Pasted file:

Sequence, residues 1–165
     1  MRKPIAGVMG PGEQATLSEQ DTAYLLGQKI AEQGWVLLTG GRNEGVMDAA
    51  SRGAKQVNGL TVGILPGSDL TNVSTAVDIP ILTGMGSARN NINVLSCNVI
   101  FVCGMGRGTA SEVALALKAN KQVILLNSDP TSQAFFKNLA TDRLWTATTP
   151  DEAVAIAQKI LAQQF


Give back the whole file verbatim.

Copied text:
Sequence, residues 1–165
     1  MRKPIAGVMG PGEQATLSEQ DTAYLLGQKI AEQGWVLLTG GRNEGVMDAA
    51  SRGAKQVNGL TVGILPGSDL TNVSTAVDIP ILTGMGSARN NINVLSCNVI
   101  FVCGMGRGTA SEVALALKAN KQVILLNSDP TSQAFFKNLA TDRLWTATTP
   151  DEAVAIAQKI LAQQF